While the material is not expressly religious, it is clearly aimed at painting same-sex marriage as aberrant and immoral behavior. Physicians lobbied by the group are also told to urge patients to purchase Christian-based parenting guides, including one designed to help parents broach the topic of sex with their 11- and 12-year-old kids. The College suggests telling parents to plan a “special overnight trip,” a pretext for instilling in their children sexual norms in line with evangelical practice. The group suggests telling parents to buy a tool called a “getaway kit,” a series of workbooks that run around $54 online. The workbooks methodically walk the parents through the process of springing the topic, but only after a day-long charade of impromptu gift-giving and play.
These books are full of games and puzzles for the parent and child to cooperatively take on. Throughout the process, the child slowly digests a concept of “sexual purity,” lessons aided by oversimplified scripture and well-trodden Bible school parables.
Another document the group shared with its members contains a script for appointments with pregnant minors. Its purpose is made evidently clear: The advice is engineered specifically to reduce the odds of minors coming into contact with medical professionals not strictly opposed to abortion. A practice script recommends the doctor inform the minor that they “strongly recommend against” abortion, adding “the procedure not only kills the infant you carry, but is also a danger to you.” (Medically, the term “fetus” and “infant” are not interchangeable, the latter referring to a newborn baby less than one year old.)
The doctors are urged to recommend that the minor visit a website that, like others shared with patients, is not expressly religious but will only direct visitors to Catholic-run “crisis pregnancy centers,” which strictly reject abortion. The same site is widely promoted by anti-abortion groups such as National Right to Life, which last year held that it should be illegal to terminate the pregnancy of a 10-year-old rape victim.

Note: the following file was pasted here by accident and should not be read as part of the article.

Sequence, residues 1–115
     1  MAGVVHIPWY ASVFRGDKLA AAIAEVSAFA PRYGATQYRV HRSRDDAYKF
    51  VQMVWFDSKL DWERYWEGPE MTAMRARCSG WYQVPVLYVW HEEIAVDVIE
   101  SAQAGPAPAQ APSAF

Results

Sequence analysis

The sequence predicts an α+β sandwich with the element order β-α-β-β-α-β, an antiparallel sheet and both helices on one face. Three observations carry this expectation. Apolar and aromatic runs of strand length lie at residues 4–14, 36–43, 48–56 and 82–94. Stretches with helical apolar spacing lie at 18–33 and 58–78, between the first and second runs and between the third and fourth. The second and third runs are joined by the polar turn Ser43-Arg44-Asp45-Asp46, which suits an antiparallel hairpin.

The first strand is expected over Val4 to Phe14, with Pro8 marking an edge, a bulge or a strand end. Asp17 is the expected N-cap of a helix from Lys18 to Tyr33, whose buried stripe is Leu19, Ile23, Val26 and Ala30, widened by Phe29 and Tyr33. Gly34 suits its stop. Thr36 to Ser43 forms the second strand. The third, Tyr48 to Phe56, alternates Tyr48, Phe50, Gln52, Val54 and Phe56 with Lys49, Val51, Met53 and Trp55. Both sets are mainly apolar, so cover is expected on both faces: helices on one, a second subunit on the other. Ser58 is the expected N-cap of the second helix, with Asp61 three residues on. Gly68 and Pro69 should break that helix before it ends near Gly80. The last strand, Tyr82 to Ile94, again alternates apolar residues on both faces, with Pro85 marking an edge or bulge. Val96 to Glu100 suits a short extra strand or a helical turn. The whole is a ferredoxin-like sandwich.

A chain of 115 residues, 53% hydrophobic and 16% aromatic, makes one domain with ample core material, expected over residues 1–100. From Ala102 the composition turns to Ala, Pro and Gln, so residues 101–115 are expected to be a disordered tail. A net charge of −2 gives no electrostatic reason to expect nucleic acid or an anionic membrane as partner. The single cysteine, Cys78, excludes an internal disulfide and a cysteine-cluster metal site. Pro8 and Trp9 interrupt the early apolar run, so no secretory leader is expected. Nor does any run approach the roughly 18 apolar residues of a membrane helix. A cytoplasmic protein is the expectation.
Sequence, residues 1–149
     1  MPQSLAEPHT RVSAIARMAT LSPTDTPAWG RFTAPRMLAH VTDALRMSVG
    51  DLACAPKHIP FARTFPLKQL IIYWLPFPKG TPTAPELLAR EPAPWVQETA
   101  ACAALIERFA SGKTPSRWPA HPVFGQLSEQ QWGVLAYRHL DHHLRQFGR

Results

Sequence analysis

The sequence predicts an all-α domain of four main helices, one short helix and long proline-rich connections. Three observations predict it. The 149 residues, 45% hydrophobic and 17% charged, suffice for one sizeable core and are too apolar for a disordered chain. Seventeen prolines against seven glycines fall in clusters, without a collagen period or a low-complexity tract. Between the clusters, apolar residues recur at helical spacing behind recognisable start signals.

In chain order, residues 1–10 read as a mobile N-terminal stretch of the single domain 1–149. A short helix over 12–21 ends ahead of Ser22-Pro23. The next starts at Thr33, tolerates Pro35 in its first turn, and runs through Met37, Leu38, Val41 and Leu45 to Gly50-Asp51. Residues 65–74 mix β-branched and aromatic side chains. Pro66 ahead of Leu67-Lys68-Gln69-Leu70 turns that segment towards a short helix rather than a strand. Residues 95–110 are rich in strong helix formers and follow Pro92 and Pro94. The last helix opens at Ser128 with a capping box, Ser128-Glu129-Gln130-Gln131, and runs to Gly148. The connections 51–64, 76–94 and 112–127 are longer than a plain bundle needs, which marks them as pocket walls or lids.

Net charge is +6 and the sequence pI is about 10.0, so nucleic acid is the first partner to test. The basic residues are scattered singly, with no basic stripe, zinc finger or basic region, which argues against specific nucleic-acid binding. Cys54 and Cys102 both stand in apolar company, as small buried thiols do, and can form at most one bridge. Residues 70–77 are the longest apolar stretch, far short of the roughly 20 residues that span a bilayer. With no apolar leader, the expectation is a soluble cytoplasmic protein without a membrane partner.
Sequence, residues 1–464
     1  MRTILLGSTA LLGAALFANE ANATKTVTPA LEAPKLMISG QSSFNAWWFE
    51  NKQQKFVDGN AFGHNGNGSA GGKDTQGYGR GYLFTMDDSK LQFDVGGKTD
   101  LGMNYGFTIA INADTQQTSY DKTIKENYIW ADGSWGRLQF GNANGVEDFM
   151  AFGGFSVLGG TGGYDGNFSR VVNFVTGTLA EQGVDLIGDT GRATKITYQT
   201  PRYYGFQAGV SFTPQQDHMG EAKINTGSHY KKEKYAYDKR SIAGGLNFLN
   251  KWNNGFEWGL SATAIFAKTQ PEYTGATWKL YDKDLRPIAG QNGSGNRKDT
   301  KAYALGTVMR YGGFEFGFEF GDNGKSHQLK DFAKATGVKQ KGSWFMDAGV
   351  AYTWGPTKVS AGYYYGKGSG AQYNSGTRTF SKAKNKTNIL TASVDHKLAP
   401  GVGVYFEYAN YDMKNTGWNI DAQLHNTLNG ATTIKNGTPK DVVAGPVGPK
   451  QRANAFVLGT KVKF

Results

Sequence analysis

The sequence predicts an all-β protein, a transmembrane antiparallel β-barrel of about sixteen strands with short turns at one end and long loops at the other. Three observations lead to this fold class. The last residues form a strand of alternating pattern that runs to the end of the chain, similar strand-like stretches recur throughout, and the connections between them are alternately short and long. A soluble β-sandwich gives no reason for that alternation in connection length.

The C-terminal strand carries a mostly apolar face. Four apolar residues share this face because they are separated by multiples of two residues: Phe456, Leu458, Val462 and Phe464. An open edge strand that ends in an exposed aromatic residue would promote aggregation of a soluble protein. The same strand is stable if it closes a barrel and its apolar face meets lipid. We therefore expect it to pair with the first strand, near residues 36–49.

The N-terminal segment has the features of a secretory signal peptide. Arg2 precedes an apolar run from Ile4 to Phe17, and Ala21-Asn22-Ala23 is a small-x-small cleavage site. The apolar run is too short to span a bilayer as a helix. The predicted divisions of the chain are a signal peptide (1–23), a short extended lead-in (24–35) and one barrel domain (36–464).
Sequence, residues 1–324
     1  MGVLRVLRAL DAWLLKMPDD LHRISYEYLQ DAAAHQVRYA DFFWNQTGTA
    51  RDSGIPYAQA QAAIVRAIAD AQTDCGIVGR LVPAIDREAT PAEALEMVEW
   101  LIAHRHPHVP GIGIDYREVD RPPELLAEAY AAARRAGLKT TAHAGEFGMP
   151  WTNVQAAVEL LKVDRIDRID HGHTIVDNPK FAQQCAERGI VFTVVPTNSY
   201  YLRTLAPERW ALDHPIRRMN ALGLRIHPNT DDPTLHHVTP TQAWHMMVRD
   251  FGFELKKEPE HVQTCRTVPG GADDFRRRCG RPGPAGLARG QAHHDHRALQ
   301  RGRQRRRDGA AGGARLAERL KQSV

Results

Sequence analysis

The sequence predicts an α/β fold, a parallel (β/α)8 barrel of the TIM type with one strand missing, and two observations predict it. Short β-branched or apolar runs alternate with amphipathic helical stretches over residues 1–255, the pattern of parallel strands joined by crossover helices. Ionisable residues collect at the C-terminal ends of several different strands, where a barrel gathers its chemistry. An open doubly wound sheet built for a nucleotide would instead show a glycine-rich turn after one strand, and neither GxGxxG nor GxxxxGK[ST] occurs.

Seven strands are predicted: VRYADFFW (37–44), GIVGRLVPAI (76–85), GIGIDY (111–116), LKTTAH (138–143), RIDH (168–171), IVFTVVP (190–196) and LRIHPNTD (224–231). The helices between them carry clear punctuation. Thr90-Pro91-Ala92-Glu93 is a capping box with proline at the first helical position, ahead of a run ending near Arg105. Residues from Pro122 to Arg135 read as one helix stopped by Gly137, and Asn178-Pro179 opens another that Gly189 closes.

The effort to ban mifepristone, which the Supreme Court paused last month pending further review, faces significant legal hurdles but could ultimately benefit from the appellate court’s disproportionately conservative makeup. Most of the legal power in the fight was supplied by a much older and better funded group, the Alliance Defending Freedom, which has established ties to some of the country’s most politically elite—former vice president Mike Pence and Supreme Court justice Amy Coney Barrett among them.
A contract in the leaked documents dated April 2021 shows the ADF agreeing to legally represent the College free of charge. It stipulates that ADF’s ability to subsidize expenses incurred during lawsuits would be limited by ethical guidelines; however, it could still forgive any lingering costs simply by declaring the College “indigent.”
In contrast to the College’s some 700 members, the American Academy of Pediatrics (AAP)–the organization from which the College’s founders split 20 years ago–has roughly 67,000. The rupture between the two groups was a direct result of a statement issued by the AAP in 2002. Modern research, the AAP said, had conclusively shown that the sexual orientation of parents had an imperceptible impact on the well-being of children, so long as they were raised in caring, supportive families.
Data visualization: DataWrapper
The College would gain notoriety early on by assailing the positions of the AAP. In 2005, a Boston Globe reporter noted how common it had become for the American College of Pediatricians “to be quoted as a counterpoint” to anything the AAP said. The institution had a rather “august-sounding name,” he wrote, for being run by a “single employee.”
Internal documents show that the group’s directors quickly encountered hurdles operating on the fringe of accepted science. Some claimed to be oppressed. Most of the College’s research had been “written by one person,” according to minutes from a 2006 meeting, which were included in the leak. The College was failing to make a splash. In the future, one director suggested, papers rejected by medical journals “should be published on the web.” The vote to do so was unanimous (though the board decided the term “not published” was nicer than “rejected”).
A second director put forth a motion to create a separate “scientific section” on the group’s website, strictly for linking to articles published in medical journals. The motion was quashed after it dawned on the board that they didn’t “have enough articles” to make the page “look professional.”
The College struggled to identify the root cause of its runtedness. “To get enough clout,” one director said, “it would take substantial numbers, maybe 10,000.” (The College’s recruitment efforts would yield fewer than 7 percent of this goal in the following 17 years.) Yet another said the marketing department advised that “the College needs to pick a fight with the AAP and get on Larry King Live.” Another board member, the notes say, felt the organization was too busy trying to “walk the fence” by neglecting to acknowledge that “we are conservative and religious.”